said by Bruschi:
So the max continuous watts would be around 1440 for a 15 amp breaker?
(and nunya knows this).
The max continuous volt-amps for a 15 amp breaker is 1440 volt-amps
(VA). The continuous wattage for the breaker depends on the power-factor of the load. Since generally, few know what the power factor of their loads are; this makes it very difficult to add up the total wattage to determine if your breaker is going to be overloaded. This especially for people without much electrical experience. Its often easier to simply use 'watts' instead of volt-amps; but when the results are within - plus or minus - a hair of tripping the breaker, its better to use accurate math.
Its much more easier to understand Amps. The max continuous amps for a 15A breaker is: 15A * 80% = 12A. After the 9.2 amps of your air-conditioner, you have 2.8 amps left to spare for continuous loads. If you were to subtract the 1020W of your AC unit from 1440W, you would get 420W. And it would be wrong. You might think you have 3.5A to spare. You don't. The advantage you have here, is that the from the ratings you have on your AC unit, you can calculate its rated volt-amps (VA) and even rated power factor (p.f.):
9.2A x 120V = 1104 VA
1020W / 1104VA = 0.92 p.f. or 92%
On the other hand, nunya's assessment of the reason your breaker is tripping is spot on. You have an overloaded circuit. Very often homeowners believe they know exactly what is on the breaker; but forget or don't realize there are other loads on it. Its wise to shed some loads from this circuit to the point at which the breaker does not trip (or even provide a dedicated circuit for your air-conditioner). Its even more important in this heat, as your wiring at some points is likely exposed to outdoor temperatures. Their capacity is reduced with increased ambient temperatures.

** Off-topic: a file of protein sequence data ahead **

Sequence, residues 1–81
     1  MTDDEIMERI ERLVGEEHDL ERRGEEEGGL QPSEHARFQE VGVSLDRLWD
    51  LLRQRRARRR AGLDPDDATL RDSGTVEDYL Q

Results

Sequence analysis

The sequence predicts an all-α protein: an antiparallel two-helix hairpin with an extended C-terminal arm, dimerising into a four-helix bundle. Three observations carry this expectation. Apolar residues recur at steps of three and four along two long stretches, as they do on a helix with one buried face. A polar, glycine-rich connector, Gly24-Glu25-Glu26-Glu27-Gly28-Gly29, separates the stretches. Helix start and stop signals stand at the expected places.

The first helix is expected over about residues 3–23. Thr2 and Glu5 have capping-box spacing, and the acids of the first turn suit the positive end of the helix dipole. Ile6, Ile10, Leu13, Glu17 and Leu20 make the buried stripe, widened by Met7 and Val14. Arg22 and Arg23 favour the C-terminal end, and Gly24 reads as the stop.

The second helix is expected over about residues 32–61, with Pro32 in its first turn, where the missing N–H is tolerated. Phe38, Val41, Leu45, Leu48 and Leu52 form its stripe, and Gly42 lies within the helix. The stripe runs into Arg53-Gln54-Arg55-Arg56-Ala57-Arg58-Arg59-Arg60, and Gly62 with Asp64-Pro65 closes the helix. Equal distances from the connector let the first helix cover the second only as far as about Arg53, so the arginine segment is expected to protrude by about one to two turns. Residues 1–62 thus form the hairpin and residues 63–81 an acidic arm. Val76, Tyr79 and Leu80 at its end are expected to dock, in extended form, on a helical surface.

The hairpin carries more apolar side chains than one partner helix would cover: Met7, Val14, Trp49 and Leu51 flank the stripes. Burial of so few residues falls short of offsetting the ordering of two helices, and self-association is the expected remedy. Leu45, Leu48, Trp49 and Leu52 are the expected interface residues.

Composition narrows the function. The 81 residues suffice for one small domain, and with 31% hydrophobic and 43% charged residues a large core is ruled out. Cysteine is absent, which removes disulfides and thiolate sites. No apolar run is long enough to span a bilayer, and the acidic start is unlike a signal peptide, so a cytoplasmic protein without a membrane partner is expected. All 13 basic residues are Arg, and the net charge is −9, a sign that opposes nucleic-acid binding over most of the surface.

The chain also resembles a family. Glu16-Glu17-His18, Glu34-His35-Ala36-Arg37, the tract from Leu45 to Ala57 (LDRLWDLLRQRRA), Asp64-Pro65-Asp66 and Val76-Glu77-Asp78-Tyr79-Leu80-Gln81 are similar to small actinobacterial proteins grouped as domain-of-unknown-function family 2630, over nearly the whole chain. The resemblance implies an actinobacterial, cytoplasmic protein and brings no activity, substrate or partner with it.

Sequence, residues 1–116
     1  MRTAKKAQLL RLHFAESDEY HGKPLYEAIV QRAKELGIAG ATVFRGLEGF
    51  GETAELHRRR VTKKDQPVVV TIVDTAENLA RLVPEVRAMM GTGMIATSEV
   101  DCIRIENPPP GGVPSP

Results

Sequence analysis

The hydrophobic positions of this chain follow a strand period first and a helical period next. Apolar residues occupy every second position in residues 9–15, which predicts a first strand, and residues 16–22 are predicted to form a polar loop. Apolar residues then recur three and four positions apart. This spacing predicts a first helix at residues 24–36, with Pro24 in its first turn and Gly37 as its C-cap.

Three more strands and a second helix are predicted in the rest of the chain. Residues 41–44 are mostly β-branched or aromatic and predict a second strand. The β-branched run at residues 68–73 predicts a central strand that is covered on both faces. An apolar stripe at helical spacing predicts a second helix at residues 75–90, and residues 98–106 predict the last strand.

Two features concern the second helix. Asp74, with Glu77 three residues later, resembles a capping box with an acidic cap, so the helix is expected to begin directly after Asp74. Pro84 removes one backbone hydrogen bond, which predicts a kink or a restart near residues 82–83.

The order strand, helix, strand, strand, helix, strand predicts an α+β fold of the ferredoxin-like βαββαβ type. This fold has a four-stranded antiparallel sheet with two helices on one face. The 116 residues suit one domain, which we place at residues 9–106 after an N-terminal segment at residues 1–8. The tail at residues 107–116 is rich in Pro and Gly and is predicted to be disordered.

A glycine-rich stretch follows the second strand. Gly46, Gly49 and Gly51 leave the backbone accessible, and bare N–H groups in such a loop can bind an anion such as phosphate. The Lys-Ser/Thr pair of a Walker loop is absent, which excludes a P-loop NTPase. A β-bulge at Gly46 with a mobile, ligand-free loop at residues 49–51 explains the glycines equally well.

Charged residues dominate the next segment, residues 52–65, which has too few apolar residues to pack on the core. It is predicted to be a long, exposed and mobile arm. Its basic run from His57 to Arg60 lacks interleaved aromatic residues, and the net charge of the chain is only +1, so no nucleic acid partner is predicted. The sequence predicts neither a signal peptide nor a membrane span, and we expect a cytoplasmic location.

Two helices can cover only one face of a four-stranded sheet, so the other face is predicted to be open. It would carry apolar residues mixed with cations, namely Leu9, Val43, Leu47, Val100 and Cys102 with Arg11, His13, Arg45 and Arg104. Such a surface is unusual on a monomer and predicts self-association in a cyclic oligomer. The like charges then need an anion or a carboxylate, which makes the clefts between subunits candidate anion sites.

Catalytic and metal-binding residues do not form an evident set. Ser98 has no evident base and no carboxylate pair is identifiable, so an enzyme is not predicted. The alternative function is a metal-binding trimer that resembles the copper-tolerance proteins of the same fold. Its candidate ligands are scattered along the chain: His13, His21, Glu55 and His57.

(FYI - in NYC, homes without central AC require dedicated air-conditioner receptacles & circuits in all bedrooms, the living room & dining room).
said by mackey:
Lol wut? I've never seen a window unit on a 30A breaker.
Then you haven't been around. I have a window unit that has requires a 30A circuit & receptacle. And its 240V.... Yes, its a window unit. That being said is probably one of the largest ever made. And it is older and less efficient. 40k BTU per hour. Yes. Its a window unit! (My problem is it fits in only two windows in the house.)